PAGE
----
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Frequent problems with medication systems noted during ISMP hospital evaluations

From the June 3, 1998 issue

ISMP is often asked to assist health care organizations by performing a systems analysis of the medication administration process. So often we see evidence of enthusiastic and creative efforts that effectively prevent many errors. Nevertheless, we also see weaknesses in medication systems that are common to many institutions. Some examples of the most frequently occurring problems and our recommendations for improvement are listed below.

Patient Information: Critical patient information (diagnoses, lab values, allergies, etc.) is often unavailable to pharmacy and nursing staff prior to dispensing or administering drugs for new admissions. More than 25% of prescribing errors alone are directly associated with inadequate patient information, most notably renal and hepatic function, allergies and pregnancy status.1 When drugs are dispensed or administered without adequate patient information, a critical system of double checks is bypassed. Thus, errors in prescribing may not be detected. Health care professionals must identify effective ways to obtain and communicate pertinent clinical information and never rely on admission office staff or unit clerks to supply this data. Do not dispense any drugs unless specific clinical information is included in order screening (see amrinone-amiodarone warning on page 1).

Drug Information: Pharmacists often are not readily available face-to-face on patient care units. Because errors occur most often during the prescribing and administration stages, accessible drug information must always be readily available and close at hand for all staff who prescribe and administer drugs. In addition to computerized drug information, an effective way to accomplish this is by moving the pharmacist, an expert on drugs, into patient care areas. In this way, pharmacists can establish close working relationships with patients and staff, follow the patient's clinical course, and regularly consult with staff about drug selection, dosing and administration. A growing body of research shows that when such moves are made, patient outcomes are improved and both errors and drug costs are significantly reduced while improving patient outcomes.2 Begin by having pharmacy personnel make daily rounds on units or by entering orders directly at terminals on patient care units. Then, progress to a stronger clinical presence in high priority areas, such as ICU, pediatrics, oncology units, OR and ER.

Communication of Drug Information: Policies for handling medication use conflicts between practitioners are often ineffective or absent. Flawed communication, often precipitated by intimidation, contributes to about 10% of the serious errors that occur during drug administration.1 In fact, ISMP receives many reports of lethal errors in which orders were questioned but not changed. Institutions should develop a process that clearly specifies the steps practitioners should take to resolve drug therapy conflicts. All staff should feel the process is workable and effective. Establish maximum doses for high alert drugs so that orders which exceed these doses automatically trigger the policy.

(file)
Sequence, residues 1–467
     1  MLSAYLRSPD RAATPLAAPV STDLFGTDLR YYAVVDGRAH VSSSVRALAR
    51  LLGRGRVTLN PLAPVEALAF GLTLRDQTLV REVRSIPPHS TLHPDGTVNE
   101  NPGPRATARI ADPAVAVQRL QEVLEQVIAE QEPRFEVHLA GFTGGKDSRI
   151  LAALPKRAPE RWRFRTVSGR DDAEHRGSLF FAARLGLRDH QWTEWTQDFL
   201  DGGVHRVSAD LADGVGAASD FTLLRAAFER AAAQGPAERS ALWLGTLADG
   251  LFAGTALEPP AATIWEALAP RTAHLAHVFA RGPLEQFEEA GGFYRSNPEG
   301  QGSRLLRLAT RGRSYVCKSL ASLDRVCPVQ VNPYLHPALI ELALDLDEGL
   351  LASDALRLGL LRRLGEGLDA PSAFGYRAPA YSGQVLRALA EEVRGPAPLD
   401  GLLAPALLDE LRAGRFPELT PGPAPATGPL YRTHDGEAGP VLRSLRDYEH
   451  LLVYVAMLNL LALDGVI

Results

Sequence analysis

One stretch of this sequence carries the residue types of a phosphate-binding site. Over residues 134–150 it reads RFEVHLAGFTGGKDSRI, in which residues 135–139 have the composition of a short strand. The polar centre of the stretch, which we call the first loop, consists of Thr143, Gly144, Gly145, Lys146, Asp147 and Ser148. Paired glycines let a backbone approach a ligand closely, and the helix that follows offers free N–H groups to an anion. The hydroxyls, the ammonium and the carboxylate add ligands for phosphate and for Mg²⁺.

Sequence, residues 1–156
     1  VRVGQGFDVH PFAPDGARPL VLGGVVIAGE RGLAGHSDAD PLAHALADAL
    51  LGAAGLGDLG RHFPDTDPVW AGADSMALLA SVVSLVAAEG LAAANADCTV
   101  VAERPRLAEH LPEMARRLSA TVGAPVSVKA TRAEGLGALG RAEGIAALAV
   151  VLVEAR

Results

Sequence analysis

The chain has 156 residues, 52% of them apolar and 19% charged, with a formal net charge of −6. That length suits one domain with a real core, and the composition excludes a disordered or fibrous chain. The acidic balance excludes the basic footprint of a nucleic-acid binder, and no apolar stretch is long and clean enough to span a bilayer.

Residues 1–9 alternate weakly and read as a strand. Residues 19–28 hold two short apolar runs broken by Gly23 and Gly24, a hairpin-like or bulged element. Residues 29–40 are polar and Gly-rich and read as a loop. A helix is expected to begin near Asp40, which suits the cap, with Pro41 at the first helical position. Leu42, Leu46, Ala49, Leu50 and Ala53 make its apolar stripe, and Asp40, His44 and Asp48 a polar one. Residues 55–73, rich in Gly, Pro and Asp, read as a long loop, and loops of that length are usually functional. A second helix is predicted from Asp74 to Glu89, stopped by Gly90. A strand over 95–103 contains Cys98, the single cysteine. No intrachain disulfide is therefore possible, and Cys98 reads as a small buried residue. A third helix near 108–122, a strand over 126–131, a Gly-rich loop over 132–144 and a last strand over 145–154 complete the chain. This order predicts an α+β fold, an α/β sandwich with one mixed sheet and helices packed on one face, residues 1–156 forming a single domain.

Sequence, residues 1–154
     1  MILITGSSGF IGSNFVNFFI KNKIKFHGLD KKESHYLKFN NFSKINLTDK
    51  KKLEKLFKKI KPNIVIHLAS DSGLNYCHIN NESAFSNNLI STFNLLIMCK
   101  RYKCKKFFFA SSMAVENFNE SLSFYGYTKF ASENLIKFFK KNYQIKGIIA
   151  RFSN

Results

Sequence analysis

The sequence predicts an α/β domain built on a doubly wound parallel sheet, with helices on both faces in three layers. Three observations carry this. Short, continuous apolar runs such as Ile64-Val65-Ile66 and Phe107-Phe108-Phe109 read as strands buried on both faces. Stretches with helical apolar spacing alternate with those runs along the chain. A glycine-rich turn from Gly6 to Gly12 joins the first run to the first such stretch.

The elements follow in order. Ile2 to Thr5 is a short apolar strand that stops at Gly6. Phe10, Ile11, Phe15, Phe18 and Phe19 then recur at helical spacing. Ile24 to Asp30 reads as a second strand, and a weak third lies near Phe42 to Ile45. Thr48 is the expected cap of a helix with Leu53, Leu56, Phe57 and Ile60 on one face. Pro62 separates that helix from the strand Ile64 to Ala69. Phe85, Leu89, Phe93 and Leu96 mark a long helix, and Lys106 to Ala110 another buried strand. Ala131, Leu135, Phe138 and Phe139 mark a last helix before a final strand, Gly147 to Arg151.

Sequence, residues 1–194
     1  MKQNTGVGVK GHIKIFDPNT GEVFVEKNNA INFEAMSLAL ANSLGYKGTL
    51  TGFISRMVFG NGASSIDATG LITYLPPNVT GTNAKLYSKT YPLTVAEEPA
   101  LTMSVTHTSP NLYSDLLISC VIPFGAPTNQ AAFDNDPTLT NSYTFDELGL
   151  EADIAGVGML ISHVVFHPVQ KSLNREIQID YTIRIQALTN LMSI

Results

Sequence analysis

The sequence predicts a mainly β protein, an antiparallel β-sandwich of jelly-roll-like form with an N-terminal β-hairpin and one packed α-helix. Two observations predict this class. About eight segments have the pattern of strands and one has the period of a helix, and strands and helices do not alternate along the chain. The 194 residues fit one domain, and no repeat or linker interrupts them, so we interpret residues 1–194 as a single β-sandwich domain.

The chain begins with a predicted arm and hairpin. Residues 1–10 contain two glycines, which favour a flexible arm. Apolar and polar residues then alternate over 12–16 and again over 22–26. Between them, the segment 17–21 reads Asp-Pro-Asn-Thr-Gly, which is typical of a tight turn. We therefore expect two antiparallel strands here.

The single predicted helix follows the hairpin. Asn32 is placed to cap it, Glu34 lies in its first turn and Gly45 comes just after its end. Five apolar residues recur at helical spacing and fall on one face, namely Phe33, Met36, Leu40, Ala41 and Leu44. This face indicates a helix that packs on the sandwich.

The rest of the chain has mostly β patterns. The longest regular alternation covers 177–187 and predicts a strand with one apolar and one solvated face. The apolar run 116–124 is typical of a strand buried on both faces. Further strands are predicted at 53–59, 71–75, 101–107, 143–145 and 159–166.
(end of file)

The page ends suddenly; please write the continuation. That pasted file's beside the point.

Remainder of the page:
Labeling, Packaging and Drug Nomenclature: Although most drugs are dispensed through a unit dose system, drug administration procedures do not assure that medications remain labeled until they reach the patient's bedside. Often, staff members prepare drugs at a central location by removing pharmacy or manufacturer drug packaging and labeling, and placing the open medications in cups for administration. Thus, the chance for errors, including most often the administration of a drug to the wrong patient, is greatly increased. Institutions should therefore require labeling throughout the drug use process, up to the actual point of administration. Focus groups of pertinent staff members should be used to explore and remedy any obstacles to following these policies, or they will not become practice.

Drug Storage, Stocking and Standardization: Lack of safety procedures for use of automated dispensing technology often contributes to problems. Inadequate check systems may result in drug storage errors. Further, product safety may not be considered when determining which items will be stocked and their location. Also, the usual pharmacist-nurse check systems are often bypassed, especially with first doses. Thus, specific procedures are needed to ensure that items are properly stored. Problematic and dangerous drugs should be dispensed only from the pharmacy. In addition, medications should not be routinely available for administration to patients without appropriate order screening by pharmacists.

Additional examples and references will appear in our next issue.

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